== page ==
A person's pre-existing social network will most likely influence the deicsion to join. Friends or family may already be active, or may have been influenced by the object of protest. Of course, it could work the other way as well, where friends persuade you that the movement is going to fail so there is no reason to join. “It seems self-evident that social pressures will be both more salient and subject to more effective enforcement in small, tightly knit groups than in large, impersonal collectives in which members are protected by the cloak of anonymity.” (Chong, 1991, p. 35)


When a person's reputation and status is at stake he is vulnerable to social influence. If your friends are in the collective action and would consider you a free rider if you did not become active yourself, this is a persuasive reason to join (Chong, 1991, p. 55). But you may not even need to be persuaded if you are altruistic. Altruistic people join because it is the right thing to do, regardless of what others are doing, and “moral behavior is more honored when it is not seen to be driven by ulterior motives; hence, it may be in one's self-interest to develop genuine concern for others.” (Chong, 1991, p. 68) Chong argues that being altruistic, then, can fit the rational actor model by providing personal benefits to altruistic actions.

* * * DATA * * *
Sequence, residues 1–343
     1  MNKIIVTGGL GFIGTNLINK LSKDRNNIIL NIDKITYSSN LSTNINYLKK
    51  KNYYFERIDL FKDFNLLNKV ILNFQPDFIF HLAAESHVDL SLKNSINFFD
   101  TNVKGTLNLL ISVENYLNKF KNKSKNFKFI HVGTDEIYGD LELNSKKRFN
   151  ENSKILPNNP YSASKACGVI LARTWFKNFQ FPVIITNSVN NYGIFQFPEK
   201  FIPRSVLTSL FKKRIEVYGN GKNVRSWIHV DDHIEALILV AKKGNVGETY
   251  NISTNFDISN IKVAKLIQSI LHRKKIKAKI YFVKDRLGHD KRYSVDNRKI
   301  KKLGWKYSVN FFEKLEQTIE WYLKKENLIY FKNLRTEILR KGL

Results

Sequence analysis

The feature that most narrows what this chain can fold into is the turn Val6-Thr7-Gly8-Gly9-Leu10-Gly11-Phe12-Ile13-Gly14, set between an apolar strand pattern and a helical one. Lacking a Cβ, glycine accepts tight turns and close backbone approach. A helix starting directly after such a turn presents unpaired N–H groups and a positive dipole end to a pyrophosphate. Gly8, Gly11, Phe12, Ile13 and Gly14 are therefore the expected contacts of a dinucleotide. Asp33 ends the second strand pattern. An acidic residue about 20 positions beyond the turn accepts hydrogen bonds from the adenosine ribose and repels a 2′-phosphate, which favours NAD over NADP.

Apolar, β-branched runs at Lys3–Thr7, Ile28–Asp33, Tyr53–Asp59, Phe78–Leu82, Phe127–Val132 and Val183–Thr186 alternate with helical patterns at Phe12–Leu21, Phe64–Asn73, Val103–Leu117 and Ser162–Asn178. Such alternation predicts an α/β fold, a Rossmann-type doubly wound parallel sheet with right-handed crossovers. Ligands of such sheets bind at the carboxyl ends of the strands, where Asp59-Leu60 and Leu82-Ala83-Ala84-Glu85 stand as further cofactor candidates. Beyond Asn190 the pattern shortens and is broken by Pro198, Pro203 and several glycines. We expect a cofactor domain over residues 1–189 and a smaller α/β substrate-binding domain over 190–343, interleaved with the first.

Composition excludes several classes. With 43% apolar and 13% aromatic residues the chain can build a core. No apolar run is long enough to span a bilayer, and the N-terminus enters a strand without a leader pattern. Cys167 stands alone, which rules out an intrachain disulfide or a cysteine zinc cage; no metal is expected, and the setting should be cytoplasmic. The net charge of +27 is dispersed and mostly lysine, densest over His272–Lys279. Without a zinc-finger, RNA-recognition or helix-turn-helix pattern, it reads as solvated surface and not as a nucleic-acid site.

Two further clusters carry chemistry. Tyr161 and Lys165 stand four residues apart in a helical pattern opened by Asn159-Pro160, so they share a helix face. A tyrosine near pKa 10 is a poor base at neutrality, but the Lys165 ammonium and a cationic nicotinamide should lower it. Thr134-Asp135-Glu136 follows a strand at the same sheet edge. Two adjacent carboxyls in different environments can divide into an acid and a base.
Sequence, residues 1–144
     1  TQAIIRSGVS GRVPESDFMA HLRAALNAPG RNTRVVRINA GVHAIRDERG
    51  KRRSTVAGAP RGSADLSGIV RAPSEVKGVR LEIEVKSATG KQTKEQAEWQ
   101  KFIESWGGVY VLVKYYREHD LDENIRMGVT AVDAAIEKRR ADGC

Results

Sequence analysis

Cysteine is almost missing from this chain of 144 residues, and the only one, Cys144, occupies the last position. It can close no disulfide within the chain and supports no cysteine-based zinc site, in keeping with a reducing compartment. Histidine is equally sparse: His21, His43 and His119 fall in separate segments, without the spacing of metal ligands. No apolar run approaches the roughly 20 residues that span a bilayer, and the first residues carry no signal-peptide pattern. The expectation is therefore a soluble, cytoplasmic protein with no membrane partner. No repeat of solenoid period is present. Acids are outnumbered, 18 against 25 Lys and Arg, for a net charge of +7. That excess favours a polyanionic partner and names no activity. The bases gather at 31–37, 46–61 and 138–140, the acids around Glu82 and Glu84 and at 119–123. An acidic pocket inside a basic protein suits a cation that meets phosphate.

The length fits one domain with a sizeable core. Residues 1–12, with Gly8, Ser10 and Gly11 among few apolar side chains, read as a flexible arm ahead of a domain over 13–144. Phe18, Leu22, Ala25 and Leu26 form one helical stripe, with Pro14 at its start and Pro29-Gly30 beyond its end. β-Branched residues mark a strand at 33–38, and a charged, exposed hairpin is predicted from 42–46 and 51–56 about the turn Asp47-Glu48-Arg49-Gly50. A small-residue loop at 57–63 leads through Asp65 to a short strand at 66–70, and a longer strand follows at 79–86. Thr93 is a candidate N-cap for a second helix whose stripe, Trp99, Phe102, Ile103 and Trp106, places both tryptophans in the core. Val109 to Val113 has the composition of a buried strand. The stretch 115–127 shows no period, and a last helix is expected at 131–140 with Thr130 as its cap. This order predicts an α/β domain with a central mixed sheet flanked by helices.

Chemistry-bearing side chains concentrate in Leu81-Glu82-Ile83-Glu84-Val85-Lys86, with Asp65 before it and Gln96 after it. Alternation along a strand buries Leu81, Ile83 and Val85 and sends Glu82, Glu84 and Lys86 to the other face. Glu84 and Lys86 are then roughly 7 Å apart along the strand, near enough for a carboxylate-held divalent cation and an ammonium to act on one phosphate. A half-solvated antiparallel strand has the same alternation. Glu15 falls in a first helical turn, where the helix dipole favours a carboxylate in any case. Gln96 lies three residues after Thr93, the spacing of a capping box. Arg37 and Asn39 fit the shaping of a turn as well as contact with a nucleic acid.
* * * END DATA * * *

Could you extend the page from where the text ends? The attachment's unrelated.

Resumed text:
There are psychological reasons to join as well. Some people join a movement because it can be fun and exciting. “Like old-time athletes who played for love of the game, political activists relish the competition and conflict of the political arena.” (Chong, 1991, p. 76) The process for these people is perhaps even more important than the goal.


Another psychological fulfillment is the feeling of “mastery over their society” (Chong, 1991, p. 78) wherein participants have the feeling of being on the front line changing society into its proper form.


Also, personal growth and development can be an incentive to join a collective effort. This can be a benefit regardless whether the goal is achieved or not.


From all these calculations, and no doubt others, people decide whether to join. But even participating in unsuccessful actions, as seen above, can give personally satisfying benefits.


CHONG APPLIED TO PROJECT CHANOLOGY